Joi Ito's Web

Joi Ito's conversation with the living web.

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Erik Bloodaxe... how Chris USED to look. ;-)
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Chris Goggans posing next to the safe in my office. (The little Samurai thing is Jun's)
Had drinks last night with Chris. Chris used to go by the name of Erik Bloodaxe and was one of the co-founders of the "Legion of Doom", a notorious group of hackers, many of whom ended up getting arrested. He was also the editor of Phrack, a journal by and for hackers. Chris and I met at "Hacking In Progress" in 1997. Lucky Green convinced me to go and I think Chris was there with Bob Stratton. HIP was quite exciting. It was this amazing hackers conference with thousands of hackers in the middle of a forest near Amsterdam hacking in tents with ethernet strung around the whole place. We didn't have enough water, but there was IP everywhere... Anyway, Chris was there and it was the first time I met a hacker with real groupies...

Since then Chris and I have kept in touch and worked together several times where he broke into computers for me. (With permission of course.) He's become a regular in Japan since we started working together and now I get to see him a lot more. He has become quite well known in Japan for his practical manner and his skill. He has a great balance between being extremely professional and loving to break into computers. It's hard to find Japanese with this combination. It's either usually professional with no imagination or childish and imaginative... but I guess Chris is not entirely "unchildish"... Let's call him... "neotenous."

Anyway.. we go drinking occasionally and talk about "the old days", breaking into computers and other things that old hackers always talk about...

Having said that, both he and I have settled down QUITE A BIT since we first met. He's married and sits around watching movies and stuff... ;-)

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And I thought blogs were going to be a solution to spam...
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Governor Domoto
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Posing in front of the prefectural headquarters elevator hall with my daikon
Went to Chiba and had lunch with Governor Domoto of Chiba with whom I've become quite friendly lately. Chiba is the prefecture where William Gibson's Neuromancer starts out. Narita International Airport and Disneyland are also in Chiba. It is kind of a long train ride out, but I was able to pass the time having an IM chat with John Patrick on my i-mode AIM client that Neeraj made.

Domoto-san was her usual energetic self. I talked about some ideas I had for projects in Narita and Makuhari. I talked to her about ECD and renewable energy. Domoto-san is an environmentalist and she got very excited about the idea of the Hydrogen Economy. I also talked about blogs. Domoto-san was an independant who won with a rather grassroots election effort that leveraged the Net. She liked the idea of blogs and promised to try it out. I promised to dispatch someone from the Neoteny Blogging Team to help her out.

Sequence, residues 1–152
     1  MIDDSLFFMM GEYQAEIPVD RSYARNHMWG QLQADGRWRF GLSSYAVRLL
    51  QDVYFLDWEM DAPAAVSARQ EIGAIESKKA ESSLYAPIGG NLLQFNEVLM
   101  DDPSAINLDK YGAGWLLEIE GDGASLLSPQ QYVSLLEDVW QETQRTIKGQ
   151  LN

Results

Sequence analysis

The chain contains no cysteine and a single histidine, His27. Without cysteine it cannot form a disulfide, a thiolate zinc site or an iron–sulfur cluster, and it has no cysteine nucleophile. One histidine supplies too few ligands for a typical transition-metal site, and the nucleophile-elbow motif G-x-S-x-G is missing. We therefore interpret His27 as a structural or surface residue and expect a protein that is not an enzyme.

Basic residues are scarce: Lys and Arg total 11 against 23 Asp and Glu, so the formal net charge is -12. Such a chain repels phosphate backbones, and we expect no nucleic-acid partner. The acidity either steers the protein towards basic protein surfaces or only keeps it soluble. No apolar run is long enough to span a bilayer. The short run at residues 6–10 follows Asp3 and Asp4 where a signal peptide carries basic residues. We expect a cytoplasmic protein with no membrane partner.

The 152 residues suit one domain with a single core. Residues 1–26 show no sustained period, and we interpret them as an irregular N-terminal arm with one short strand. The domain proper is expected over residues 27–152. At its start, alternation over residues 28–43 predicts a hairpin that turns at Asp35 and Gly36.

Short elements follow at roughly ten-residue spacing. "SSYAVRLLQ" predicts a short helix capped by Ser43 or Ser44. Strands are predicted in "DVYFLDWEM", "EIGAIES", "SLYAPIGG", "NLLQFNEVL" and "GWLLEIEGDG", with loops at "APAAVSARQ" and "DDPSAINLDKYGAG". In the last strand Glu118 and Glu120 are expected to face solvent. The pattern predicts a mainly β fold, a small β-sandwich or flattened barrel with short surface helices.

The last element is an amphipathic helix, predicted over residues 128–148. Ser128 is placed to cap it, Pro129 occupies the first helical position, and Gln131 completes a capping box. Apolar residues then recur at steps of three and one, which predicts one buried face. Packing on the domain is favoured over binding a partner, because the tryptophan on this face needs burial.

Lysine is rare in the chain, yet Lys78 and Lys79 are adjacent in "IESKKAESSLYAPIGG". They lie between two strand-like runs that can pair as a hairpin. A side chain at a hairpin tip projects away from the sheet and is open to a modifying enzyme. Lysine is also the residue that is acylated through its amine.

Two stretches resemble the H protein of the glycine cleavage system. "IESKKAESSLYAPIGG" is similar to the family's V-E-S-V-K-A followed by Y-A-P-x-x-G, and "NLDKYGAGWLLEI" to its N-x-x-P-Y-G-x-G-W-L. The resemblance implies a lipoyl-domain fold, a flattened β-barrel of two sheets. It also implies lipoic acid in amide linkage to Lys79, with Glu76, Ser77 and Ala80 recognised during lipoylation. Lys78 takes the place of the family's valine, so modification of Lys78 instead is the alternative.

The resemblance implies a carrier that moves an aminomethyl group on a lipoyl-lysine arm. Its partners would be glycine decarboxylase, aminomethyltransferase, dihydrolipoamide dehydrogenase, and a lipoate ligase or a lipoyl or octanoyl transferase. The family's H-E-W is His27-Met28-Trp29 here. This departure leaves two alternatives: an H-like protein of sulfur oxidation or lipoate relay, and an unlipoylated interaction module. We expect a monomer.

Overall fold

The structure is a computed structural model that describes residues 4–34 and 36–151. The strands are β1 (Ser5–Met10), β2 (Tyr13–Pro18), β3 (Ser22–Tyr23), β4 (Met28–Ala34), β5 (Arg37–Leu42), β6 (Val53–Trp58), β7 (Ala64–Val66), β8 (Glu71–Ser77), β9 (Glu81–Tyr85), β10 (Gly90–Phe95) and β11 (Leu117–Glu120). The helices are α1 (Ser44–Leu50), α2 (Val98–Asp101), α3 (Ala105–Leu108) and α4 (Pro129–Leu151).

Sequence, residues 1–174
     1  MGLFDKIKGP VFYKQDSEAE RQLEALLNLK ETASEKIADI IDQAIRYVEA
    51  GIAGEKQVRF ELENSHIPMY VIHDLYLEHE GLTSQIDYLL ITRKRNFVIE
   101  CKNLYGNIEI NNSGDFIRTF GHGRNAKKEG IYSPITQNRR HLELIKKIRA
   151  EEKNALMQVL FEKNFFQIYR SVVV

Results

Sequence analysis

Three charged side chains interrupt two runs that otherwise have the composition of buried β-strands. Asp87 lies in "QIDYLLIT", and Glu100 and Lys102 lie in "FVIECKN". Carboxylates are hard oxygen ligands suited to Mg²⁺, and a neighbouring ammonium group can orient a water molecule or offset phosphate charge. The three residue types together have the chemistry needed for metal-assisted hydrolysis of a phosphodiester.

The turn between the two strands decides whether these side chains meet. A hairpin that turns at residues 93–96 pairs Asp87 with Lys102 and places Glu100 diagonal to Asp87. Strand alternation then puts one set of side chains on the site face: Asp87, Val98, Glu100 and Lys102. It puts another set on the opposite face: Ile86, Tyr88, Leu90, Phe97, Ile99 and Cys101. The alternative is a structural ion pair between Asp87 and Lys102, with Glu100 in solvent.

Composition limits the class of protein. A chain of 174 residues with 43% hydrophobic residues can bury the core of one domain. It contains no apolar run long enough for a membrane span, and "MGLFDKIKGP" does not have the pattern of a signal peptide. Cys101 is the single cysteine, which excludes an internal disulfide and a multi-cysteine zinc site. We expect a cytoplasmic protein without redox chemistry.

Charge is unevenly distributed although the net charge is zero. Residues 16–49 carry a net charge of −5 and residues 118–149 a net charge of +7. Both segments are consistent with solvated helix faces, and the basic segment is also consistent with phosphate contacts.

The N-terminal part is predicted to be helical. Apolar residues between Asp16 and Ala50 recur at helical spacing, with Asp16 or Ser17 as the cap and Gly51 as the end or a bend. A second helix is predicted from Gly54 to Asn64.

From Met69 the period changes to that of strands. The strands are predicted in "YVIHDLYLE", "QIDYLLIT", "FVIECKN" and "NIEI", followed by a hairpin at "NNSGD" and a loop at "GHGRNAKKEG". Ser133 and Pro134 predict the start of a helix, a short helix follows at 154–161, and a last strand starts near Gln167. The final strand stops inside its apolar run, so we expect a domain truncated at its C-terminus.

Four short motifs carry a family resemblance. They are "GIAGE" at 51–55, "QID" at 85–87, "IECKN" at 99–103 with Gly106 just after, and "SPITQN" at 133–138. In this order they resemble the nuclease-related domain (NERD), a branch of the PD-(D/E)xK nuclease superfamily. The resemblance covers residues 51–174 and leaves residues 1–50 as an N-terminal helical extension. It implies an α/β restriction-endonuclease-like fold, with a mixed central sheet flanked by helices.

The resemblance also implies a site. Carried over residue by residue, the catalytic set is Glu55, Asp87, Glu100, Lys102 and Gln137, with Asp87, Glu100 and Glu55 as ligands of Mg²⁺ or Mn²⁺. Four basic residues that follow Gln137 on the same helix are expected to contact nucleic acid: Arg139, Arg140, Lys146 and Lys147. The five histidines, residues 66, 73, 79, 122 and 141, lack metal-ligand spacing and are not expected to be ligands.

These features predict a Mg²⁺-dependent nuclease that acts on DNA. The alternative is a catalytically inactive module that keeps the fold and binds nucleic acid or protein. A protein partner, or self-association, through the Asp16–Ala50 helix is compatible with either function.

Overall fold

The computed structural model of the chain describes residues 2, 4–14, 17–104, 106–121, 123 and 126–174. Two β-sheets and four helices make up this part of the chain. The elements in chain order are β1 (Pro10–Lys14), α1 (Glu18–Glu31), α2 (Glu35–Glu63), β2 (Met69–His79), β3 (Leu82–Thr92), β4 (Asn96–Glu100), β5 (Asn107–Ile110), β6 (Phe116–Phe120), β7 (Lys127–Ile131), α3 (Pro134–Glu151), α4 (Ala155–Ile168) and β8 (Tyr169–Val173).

I often talk to her about how Mizuka and I only eat organic vegetables now. She gave me an organic daikon (Japanese Radish). It was a bit strange carrying it in the crowded train back to Tokyo... I'm looking forward to eating it. ;-)

Click play... you need flash...

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Saw this on Marc Canter's Blog.

Rick Lehrbaum (updated Sept. 11, 2002)
Intel embeds Linux in home digital media adapater
A key component of the Extended Wireless PC Initiative's media distribution architecture is a new PC peripheral called the digital media adapter, which provides an appliance-like link between PCs, TVs, and stereos. The device, which is based on an XScale microarchitecture PCA210 'applications processor' and runs an embedded Linux operating system, receives digital media from the PC via 802.11 wireless networking and UpnP technologies, and connects to TVs and stereos using standard audio/video cables -- much like a DVD player. Using a simple remote control, consumers navigate through menus on a TV screen, selecting the PC digital media they wish to receive.
Marc Canter
The 'magic sauce' is something called UpnP (universal plug and play) which was originally designed for plugging cards into a PC bus or USB devices (such as keyboards or mice.) But now they have a 'stack' to route A/V info to the Digital Media Adapter. I wonder is UPnP can sense out I.P. addresses like Apple's Rendezvous (otherwise known as ZeroConf) and make setting up Home LANs easy to do?
vis_site02.jpgThis reminds me of my SliMP3 that I wrote about earlier, but that doesn't have wireless or video. It also reminds me of my Sony Airboard which has 802.11, ethernet, dialup Internet, TV and a browser. The Airboard is less of a "hub" and more of an "all-in-one". I guess the key to the Intel thing will be low cost and open standards. If they can help orchestrate a bunch of devices without trying to make their device do everything, it might work. I still don't like the idea of "fat" home servers. I am hoping that, at least in my house, I can use everything I already have. My PC hard disk, my audio amp and speakers, my plasma display and my digital satellite dish... Having said that, there may be a market for small all-in-one's...

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